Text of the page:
So how is the current model different from its predecessors?

"This study shows that random ties (or "weak" ties) come at the cost of eroding the ties that hold together social groups. While a piece of information can spread very effectively across weak ties, adopting a new business practice, or learning a new business culture requires that people have social reinforcement from people in their workgroup or department. In order for this to happen, there needs to be strong within-group ties that allow people to receive social support", says Centola.

The strength of Centola's model is, van de Rijt says, "Centola shows that as you pull the lever from the one end towards the other, there is an intermediate region along this continuum, where some but not all of our friends live in the neighborhood, and some but not all of our family are colleagues. Not everyone at work plays a single sport, but there are groups of several colleagues who all play racquetball together. The network is now a fabric: The broad, multi-person coalitions that link together clusters of people allow social behavior to spread, which means that technological innovations and new organizational practices as well as mobilizations for peaceful protest can now flow across this grid. Centola's new model thus provides a structural foundation for the successful diffusion of social behavior."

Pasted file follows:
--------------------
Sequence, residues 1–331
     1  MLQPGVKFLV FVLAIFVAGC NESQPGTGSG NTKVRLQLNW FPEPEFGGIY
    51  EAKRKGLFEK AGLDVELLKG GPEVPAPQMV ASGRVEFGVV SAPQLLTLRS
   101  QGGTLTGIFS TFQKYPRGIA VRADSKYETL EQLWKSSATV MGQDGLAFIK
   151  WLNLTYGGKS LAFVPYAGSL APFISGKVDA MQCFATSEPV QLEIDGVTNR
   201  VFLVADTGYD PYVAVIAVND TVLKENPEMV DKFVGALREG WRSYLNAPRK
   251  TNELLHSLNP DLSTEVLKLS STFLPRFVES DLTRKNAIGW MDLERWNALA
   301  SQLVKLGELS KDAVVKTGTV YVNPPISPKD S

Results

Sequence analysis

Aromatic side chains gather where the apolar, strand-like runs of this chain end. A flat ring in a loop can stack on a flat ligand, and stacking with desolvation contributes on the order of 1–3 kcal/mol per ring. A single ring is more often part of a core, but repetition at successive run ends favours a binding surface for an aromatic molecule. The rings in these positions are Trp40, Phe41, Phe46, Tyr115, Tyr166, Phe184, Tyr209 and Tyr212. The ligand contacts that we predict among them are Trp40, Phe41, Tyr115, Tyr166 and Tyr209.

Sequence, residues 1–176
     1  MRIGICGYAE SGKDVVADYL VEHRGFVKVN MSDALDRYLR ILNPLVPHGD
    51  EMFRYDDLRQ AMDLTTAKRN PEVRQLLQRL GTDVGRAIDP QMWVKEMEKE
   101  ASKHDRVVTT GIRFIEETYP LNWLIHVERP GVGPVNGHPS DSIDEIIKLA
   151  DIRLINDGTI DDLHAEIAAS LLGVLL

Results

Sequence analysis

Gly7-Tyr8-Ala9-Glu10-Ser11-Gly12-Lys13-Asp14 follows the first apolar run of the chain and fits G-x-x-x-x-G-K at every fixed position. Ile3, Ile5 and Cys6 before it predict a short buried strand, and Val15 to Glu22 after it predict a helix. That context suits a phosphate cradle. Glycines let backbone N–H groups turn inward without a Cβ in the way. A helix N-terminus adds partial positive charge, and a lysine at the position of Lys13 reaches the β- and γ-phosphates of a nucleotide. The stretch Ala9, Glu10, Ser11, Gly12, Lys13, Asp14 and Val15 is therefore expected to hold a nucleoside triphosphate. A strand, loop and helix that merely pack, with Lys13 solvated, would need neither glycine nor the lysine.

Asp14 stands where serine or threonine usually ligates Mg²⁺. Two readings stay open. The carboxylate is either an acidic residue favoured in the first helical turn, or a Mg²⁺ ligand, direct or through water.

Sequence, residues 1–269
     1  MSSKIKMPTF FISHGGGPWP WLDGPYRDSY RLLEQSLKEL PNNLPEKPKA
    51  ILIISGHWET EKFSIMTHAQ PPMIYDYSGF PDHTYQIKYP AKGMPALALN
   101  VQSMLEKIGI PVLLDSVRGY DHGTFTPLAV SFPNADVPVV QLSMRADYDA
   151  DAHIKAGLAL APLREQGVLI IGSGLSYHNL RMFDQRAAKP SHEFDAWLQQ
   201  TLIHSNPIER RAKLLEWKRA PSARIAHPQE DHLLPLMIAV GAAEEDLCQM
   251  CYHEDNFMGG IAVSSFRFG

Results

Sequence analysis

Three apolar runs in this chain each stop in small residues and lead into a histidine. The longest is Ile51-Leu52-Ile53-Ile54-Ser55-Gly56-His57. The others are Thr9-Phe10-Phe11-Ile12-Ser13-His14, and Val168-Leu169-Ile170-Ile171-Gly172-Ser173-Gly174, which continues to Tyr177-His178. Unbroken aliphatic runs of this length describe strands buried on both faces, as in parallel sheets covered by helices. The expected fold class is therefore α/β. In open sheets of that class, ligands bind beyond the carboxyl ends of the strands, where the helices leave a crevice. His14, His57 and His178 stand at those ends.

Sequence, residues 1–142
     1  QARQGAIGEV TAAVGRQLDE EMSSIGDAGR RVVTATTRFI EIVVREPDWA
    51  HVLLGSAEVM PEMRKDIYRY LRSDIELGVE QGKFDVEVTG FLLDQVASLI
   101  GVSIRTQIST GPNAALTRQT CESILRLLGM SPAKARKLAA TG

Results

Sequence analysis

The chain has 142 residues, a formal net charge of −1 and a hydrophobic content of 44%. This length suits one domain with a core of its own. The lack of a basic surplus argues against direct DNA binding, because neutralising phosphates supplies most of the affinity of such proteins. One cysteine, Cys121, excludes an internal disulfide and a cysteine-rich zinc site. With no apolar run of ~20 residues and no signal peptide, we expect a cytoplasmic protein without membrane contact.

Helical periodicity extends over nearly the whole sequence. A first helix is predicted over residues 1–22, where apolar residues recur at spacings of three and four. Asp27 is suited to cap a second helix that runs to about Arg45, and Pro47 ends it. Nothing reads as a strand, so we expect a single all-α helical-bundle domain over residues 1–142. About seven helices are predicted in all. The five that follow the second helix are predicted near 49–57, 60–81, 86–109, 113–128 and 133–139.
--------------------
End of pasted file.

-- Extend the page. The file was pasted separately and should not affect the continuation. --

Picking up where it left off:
Therefore, the million-dollar question is this- if I have a good idea, how do I spread it around? Do I go to the rooftop and shout it to everyone or do I convey the idea to every person I meet on the road?

So what are the parameters that influence the evolution of an idea?

To find out, stay tuned for the second part of this article series to appear in TME next week!


Image credits: and

Katherine Unger Baillie (Media Contact), University of Pennsylvania 

Edited: July 14, 2015 (Included the web link for article #2 in this series)